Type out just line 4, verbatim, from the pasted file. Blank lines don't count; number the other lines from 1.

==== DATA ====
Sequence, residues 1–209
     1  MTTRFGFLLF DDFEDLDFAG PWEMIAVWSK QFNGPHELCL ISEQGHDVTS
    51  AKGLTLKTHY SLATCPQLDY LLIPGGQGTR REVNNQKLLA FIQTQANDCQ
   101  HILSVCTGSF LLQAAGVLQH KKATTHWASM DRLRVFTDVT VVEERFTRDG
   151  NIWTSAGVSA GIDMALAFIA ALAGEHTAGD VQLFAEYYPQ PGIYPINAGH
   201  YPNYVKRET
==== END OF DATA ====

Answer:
   101  HILSVCTGSF LLQAAGVLQH KKATTHWASM DRLRVFTDVT VVEERFTRDG